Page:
Group Objects to Fresno County’s Move To Opt Out of Health Program
The not-for-profit law firm Central California Legal Services has sent a letter to Fresno County officials objecting to supervisors' decision not to pursue millions of dollars in federal funds toÂ support a Low Income Health Program, the Fresno Bee reports (Anderson, Fresno Bee, 9/26).
Last week, the Fresno County Board of Supervisors decided in a 3-2 vote that the county cannot afford to launch LIHP, a move that rejects federal matching funds for the program.
LIHP is an optional federal program for California that would be established at the local level. It is part of California's Bridge to Reform program that aims to expand health insurance coverage until certain federal health reform provisions take effect in 2014.
Counties that set up the program are required to expand services at clinics and access to primary care. The program offers matching federal funds on all local spending.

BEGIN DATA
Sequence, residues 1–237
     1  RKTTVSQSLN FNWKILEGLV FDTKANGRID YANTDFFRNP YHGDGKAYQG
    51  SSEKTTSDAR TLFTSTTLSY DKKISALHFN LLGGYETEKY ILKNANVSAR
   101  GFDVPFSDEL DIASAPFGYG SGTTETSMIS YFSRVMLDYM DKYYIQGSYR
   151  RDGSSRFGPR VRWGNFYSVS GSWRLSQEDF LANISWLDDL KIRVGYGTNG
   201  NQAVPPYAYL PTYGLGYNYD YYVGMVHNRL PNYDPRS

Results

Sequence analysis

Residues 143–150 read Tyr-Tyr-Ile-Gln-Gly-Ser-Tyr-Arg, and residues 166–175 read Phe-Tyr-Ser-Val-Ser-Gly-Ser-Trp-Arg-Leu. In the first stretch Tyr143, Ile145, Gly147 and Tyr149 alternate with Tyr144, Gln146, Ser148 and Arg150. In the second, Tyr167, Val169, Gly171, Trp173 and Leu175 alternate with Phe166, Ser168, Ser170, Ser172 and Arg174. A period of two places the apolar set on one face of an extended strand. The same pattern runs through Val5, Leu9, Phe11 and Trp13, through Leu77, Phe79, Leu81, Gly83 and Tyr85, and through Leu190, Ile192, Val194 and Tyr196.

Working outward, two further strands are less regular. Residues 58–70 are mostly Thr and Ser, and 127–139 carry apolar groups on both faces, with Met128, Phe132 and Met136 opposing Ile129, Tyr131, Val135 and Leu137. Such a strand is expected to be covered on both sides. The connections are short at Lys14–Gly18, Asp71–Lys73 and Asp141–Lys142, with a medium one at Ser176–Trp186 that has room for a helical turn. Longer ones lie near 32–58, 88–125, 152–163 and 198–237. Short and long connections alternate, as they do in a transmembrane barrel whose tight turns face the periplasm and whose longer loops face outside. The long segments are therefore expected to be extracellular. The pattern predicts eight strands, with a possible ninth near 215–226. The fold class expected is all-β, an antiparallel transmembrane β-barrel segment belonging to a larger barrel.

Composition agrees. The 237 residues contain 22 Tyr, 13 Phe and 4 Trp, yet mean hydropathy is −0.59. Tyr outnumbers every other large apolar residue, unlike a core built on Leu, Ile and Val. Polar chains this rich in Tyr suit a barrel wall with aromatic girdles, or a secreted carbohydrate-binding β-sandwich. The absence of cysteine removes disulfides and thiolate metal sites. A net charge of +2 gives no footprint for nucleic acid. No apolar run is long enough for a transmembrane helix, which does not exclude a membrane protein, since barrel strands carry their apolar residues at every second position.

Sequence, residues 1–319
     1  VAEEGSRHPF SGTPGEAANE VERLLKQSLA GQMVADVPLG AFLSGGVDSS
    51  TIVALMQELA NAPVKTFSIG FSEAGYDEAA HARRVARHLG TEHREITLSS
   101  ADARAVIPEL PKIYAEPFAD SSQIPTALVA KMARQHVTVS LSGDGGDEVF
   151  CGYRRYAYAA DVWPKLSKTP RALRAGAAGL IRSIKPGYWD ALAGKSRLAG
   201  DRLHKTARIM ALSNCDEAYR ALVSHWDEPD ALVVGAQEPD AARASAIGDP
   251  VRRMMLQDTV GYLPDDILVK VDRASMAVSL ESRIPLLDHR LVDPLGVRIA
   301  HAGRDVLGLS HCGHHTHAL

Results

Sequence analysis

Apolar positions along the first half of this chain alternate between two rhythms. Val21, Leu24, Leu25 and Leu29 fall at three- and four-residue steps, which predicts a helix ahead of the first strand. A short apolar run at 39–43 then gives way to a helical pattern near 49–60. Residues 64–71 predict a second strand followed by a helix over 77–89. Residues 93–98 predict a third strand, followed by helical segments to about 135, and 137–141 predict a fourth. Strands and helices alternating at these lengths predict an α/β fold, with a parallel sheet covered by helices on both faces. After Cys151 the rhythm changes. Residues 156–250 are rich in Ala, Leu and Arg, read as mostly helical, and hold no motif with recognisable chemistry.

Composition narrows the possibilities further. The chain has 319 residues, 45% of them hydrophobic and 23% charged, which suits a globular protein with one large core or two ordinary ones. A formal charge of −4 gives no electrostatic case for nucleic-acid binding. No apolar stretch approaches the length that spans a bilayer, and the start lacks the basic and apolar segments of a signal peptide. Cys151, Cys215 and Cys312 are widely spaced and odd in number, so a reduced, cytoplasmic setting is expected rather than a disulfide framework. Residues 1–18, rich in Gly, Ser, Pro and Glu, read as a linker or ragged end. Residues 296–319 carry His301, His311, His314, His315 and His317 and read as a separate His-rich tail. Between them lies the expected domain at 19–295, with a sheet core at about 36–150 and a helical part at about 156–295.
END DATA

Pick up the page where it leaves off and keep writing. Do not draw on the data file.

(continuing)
The county would have had to adjust its Medically Indigent Services Program, which is managed by Community Medical Centers under a contract that does not end for another 15 years. CMC and county representatives concluded that MISP and LIHP could not be supported with the funding currently available, even withÂ the possibilityÂ of up to $56 million in additionalÂ federal funds (California Healthline, 9/21).
Details of the Challenge
Chris Schneider -- executive director of Central California Legal Services -- said that the county's decision was an affront to the county's low-income residents who need access to health care and that the county should have spent more time considering the issue.
The group also said that there was a possible conflict of interest with Supervisor Judy Case, who is a registered nurse. According to Jesse Avila -- director of litigation and advocacy for the agency -- LIHP would have had an effect on Saint Agnes Medical Center, where Case serves as weekend administrative director. Case said that county counselÂ had informed her that she did not have a conflict of interest.
Edward Moreno -- health officer and director of the county's public health department -- said he would not comment on the objections from the law firm (Fresno Bee, 9/26).This is part of the California Healthline Daily Edition, a summary of health policy coverage from major news organizations. Sign up for an email subscription.